Most patients with gout may be at high risk for cardiovascular (CV) disease, according to a study published in the Annals of the Rheumatic Diseases.1
Gout is known to increase the risk for CV disease, possibly mediated by ongoing inflammation.1 The most recent European League Against Rheumatism (EULAR) recommendations in gout management advocate for early treatment with the goal of preventing future gout attacks and reducing crystal load, which may decrease the risk for CV events.2
However, severe coronary atherosclerosis has been found in asymptomatic patients with hyperuricemia and silent monosodium urate (MSU) deposits, raising the question of whether the risk of CV disease in gout patients is higher than previously believed.1
Mariano Andrés, MD, from Hospital General Universitario de Alicante in Spain, and colleagues evaluated the CV risk in patients with a new diagnosis of gout using risk prediction tools and carotid ultrasound.1
High-Yield Data Summary
- Commonly used cardiovascular risk scores may underestimate the risk of cardiovascular disease in new gout patients
Of 237 patients, 95 (40.1%) were at high risk and 72 (30.4%) were at moderate risk for CV disease, according to Framingham Heart Study (FHS) and Systematic COronary Evaluation (SCORE) CV risk stratification scores.1
All 142 patients who did not have scores indicating high CV risk underwent carotid ultrasound. Just over half of these patients had findings of carotid atheroma plaques and increased intima-media thickness that raised their CV risk level to high.1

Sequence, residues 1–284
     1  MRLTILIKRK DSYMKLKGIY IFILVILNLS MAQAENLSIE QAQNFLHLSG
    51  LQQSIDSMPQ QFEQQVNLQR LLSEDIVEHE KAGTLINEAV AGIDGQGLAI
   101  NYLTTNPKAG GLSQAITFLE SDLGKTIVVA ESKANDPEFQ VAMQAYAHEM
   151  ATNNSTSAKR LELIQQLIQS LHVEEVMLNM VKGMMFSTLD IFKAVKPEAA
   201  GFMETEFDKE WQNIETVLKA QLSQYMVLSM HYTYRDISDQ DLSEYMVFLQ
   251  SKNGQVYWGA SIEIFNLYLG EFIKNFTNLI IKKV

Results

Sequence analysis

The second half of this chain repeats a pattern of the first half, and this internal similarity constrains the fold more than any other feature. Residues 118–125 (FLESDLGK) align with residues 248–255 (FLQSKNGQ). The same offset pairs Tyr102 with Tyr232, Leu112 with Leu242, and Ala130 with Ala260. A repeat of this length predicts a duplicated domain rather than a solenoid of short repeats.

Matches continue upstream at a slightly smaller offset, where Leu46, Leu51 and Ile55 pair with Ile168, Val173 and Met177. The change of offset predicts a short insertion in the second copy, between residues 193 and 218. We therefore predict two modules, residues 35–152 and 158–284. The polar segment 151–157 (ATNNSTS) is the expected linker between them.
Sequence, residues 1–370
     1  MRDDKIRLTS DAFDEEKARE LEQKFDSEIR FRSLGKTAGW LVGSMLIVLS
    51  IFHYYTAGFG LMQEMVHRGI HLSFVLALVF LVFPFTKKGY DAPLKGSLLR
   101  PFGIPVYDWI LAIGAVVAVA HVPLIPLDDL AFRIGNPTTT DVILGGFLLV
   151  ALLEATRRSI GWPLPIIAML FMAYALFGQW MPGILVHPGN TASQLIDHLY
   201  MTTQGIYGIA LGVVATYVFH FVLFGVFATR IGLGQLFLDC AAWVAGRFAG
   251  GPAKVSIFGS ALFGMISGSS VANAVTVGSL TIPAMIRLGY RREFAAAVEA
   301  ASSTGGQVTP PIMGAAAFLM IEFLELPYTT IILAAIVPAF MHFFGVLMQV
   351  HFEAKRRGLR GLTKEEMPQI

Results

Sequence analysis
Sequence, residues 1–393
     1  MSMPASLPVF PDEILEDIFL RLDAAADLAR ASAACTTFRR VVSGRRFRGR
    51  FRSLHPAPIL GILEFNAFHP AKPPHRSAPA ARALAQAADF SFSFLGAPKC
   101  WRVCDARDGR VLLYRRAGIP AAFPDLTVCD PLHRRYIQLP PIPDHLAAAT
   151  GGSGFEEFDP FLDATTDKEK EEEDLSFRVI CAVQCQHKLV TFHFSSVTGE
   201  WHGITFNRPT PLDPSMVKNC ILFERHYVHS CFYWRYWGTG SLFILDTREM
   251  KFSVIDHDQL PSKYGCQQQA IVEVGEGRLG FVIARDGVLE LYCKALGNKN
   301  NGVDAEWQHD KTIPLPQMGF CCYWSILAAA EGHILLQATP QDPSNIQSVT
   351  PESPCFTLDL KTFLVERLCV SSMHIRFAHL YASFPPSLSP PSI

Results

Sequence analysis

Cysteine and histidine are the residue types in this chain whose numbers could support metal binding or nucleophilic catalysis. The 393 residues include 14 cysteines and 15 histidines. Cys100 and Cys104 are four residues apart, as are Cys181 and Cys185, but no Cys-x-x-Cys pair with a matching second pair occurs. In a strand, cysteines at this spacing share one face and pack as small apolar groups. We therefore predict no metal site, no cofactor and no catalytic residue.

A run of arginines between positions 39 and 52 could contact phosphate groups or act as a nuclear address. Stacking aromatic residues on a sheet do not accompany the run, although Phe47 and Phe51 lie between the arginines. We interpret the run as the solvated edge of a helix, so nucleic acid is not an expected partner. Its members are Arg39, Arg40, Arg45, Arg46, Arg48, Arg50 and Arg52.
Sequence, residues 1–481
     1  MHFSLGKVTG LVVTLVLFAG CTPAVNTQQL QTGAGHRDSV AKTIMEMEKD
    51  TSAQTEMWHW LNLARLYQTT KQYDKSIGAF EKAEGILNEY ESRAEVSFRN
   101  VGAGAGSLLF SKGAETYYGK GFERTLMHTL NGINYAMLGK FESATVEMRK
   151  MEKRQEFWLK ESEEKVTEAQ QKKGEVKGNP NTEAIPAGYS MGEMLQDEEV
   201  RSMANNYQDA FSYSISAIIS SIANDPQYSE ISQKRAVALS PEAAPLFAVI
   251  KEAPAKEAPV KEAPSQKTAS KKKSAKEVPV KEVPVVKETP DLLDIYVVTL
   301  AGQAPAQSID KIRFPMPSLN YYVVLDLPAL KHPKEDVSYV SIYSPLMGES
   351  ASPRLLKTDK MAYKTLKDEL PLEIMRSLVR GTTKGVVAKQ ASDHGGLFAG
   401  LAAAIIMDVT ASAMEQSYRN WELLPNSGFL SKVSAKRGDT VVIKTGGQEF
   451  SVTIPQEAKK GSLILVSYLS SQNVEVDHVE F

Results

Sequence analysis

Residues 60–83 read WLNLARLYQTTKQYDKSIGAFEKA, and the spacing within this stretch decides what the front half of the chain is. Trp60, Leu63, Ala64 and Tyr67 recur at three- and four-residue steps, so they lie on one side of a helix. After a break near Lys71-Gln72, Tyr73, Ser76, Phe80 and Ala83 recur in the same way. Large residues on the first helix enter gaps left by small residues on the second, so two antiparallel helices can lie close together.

Whereas risk prediction scores for CV disease classified 40.1% of new gout patients as high risk, findings on carotid ultrasound increased the percentage of high-risk patients to 67.9%.1
“Whether incorporating carotid ultrasound as part of CV risk assessment for gout patients improves survival or reduces CV events needs to be assessed in a prospective study,” Dr Andrés said in an interview with Rheumatology Advisor.
Gout is a risk factor for CV disease, although the degree of risk has not been established and may be higher than previously thought. Researchers found that approximately 40% of patients with a new diagnosis of gout were at high risk for CV disease. However, findings on carotid ultrasound in patients who were lower risk by risk stratification scores increased the proportion of high-risk patients to nearly 70%.
Summary and Clinical Applicability
“Commonly used CV risk scores may underestimate the risk of CV disease in new gout patients,” Dr Andrés said. “Patients evaluated in the clinics may have carotid plaques and therefore very high risk for CV disease, so it is crucial to focus on managing CV comorbidities, such as high blood pressure, in addition to proper gout management.”
- Patients were recruited from a hospital-based rheumatology unit and thus were more likely to have severe or refractory gout and CV risk than the general population
- The study did not include a control group to compare the prevalence of high CV risk as measured by risk stratification scores and carotid ultrasound
Dr Andrés reports receiving speaking fees from Menarini labs.
- Andrés M, Bernal JA, Sivera F, et al. Cardiovascular risk of patients with gout seen at rheumatology clinics following a structured assessment [published online January 16, 2017]. Ann Rheum Dis. doi:10.1136/annrheumdis-2016-210357
- Richette P, Doherty M, Pascual E, et al. 2016 updated EULAR evidence-based recommendations for the management of gout. Ann Rheum Dis. 2017;76(1):29-42. doi:10.1136/annrheumdis-2016-209707
This article originally appeared on Rheumatology Advisor